The Glass Pocket
In the Carpathian Mountains on December 23rd I walked down an unlit corridor in a lodge hotel with a backpacker’s backpack packed on my back. On the side of that backpacker’s backpack was a stretched mesh pocket with a see-through cylinder of pastel-piss dessert wine pressed against another glass container twist-capped.
The twist-capped container had mineral gas water for the train that evening, but instead it sparkled across the fresh-mopped floor of the unlit corridor in the lodge hotel because there was no slippery sign and no lady with a mop and only soap and darkness and a boy headed for the stairs. I slipped and as slips happen, in an instant, I was on the floor and so was glass. The dessert wine was safe. The lady with a mop showed up out of the dark, back from cleaning some darkness. She brushed me off and held onto the black smudge on rushed blood around my arm, asking if I was okay instead of letting me make myself okay by snatching some okay towels from the bathroom. I tugged away while she continued to talk about mopping darkness and my smudge and how sorry she was but delighted that the dessert wine was okay.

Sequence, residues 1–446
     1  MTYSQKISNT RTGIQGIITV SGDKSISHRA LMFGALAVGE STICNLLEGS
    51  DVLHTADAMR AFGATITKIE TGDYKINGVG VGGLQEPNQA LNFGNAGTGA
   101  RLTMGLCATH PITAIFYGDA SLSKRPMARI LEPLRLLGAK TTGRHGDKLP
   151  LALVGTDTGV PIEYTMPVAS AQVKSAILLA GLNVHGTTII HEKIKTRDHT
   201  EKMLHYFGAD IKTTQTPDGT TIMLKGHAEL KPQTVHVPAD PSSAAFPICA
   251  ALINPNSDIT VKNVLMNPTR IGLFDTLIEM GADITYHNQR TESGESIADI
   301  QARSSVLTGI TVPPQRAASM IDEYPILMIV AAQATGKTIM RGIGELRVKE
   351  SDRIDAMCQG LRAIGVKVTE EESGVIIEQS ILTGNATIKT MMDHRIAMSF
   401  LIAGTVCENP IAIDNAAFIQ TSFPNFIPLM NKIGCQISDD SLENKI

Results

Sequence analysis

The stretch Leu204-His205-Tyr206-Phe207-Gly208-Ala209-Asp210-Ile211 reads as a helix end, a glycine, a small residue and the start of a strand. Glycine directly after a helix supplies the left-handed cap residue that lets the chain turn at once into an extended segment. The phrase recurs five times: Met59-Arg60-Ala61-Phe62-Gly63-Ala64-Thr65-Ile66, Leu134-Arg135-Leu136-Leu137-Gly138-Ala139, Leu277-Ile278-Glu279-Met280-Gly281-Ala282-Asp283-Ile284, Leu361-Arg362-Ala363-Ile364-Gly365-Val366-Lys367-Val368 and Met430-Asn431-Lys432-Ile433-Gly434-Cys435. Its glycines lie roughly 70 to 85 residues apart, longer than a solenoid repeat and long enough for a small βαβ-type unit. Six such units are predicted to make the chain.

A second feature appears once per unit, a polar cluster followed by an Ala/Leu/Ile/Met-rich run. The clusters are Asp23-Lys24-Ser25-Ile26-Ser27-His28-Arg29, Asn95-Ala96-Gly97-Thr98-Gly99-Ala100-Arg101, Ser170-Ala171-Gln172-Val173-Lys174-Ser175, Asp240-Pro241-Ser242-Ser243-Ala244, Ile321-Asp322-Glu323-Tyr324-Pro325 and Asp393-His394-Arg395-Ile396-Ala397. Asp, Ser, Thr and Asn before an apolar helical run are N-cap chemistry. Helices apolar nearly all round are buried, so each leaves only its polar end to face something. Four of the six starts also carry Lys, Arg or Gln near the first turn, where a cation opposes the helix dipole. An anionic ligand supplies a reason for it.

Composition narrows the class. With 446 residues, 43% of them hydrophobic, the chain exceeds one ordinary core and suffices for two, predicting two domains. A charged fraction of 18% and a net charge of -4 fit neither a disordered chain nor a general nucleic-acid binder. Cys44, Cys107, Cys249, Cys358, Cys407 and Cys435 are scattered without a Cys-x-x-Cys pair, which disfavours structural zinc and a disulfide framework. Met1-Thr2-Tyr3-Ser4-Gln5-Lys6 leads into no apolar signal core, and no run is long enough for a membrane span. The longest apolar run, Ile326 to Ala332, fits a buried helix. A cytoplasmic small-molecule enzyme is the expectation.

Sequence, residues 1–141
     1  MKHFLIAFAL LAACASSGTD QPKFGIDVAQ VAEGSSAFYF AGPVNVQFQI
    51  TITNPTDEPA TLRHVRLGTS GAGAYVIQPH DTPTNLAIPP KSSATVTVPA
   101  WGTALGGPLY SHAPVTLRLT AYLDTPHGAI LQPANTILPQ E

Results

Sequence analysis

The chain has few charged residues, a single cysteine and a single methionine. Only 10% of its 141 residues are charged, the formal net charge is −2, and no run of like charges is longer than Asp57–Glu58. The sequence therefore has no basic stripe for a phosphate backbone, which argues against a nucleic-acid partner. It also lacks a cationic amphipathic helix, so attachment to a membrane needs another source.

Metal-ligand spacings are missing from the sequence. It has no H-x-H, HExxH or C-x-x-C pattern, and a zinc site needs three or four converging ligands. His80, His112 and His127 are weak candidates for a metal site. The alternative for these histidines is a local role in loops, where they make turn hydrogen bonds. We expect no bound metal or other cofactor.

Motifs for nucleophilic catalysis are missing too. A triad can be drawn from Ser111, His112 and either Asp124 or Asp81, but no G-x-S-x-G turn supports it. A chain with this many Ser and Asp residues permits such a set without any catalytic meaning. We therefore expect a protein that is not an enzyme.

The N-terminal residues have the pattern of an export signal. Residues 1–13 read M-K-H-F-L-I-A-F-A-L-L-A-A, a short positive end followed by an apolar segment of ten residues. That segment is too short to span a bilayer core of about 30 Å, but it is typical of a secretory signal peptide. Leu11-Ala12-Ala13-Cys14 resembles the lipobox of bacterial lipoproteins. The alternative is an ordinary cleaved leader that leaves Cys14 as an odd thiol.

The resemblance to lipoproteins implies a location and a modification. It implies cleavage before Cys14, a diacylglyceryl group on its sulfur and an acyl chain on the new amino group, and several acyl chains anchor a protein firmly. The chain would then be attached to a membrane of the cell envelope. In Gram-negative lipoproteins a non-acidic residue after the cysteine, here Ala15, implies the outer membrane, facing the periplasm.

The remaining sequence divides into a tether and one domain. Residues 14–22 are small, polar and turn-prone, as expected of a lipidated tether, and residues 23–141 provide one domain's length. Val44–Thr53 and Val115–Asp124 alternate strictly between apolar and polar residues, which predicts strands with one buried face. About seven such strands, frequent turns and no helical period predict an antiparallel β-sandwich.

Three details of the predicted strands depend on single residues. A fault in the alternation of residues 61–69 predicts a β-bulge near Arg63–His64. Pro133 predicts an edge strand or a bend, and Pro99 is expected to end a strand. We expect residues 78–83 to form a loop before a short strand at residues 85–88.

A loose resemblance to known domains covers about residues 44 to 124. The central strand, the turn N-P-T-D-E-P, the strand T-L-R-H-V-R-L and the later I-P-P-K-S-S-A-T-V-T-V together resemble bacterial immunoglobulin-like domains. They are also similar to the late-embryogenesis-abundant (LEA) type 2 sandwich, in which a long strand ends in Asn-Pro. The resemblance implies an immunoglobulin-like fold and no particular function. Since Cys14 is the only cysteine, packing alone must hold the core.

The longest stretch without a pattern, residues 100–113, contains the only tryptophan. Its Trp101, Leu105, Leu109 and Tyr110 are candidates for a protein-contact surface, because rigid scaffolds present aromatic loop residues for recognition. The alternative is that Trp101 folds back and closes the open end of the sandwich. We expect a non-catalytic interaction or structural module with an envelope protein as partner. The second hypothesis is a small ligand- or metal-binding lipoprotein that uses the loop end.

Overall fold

The bathroom had towels and a man by the mirror fixing something else while I fixed my thing I was there to fix and we fixed our things separately before I decided to fix my backpack and left the room. There were two stair options in that unlit Carpathian hotel lodge corridor and I’d chosen the one with the suds. The bus would leave for the train shortly so I shoved a fist in my mesh stretch pocket slowly as one can shove and slithered out slivers of glass thin as whiskers and sharp as a sentence. My fingers glistened with flecks of fresh hemoglobin.
That backpacker’s backpack was supposed to be fit as fuck, trim as a sailor and forged to fight the whips of tree tips and lash of rain bullets. But glass is not of nature and sure cut through that mesh and tore straight cuts ’cross the one side.
I’d chosen the suds. Gravity set the slip-trajectory. The wine just up and braced itself. I thanked it later for surviving via tummy hug from the inside. It kept me lucid on the Ukrainian train.